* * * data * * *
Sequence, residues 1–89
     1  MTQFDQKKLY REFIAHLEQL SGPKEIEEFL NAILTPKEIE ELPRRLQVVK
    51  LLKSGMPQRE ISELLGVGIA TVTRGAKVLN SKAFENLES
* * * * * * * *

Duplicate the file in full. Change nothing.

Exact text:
Sequence, residues 1–89
     1  MTQFDQKKLY REFIAHLEQL SGPKEIEEFL NAILTPKEIE ELPRRLQVVK
    51  LLKSGMPQRE ISELLGVGIA TVTRGAKVLN SKAFENLES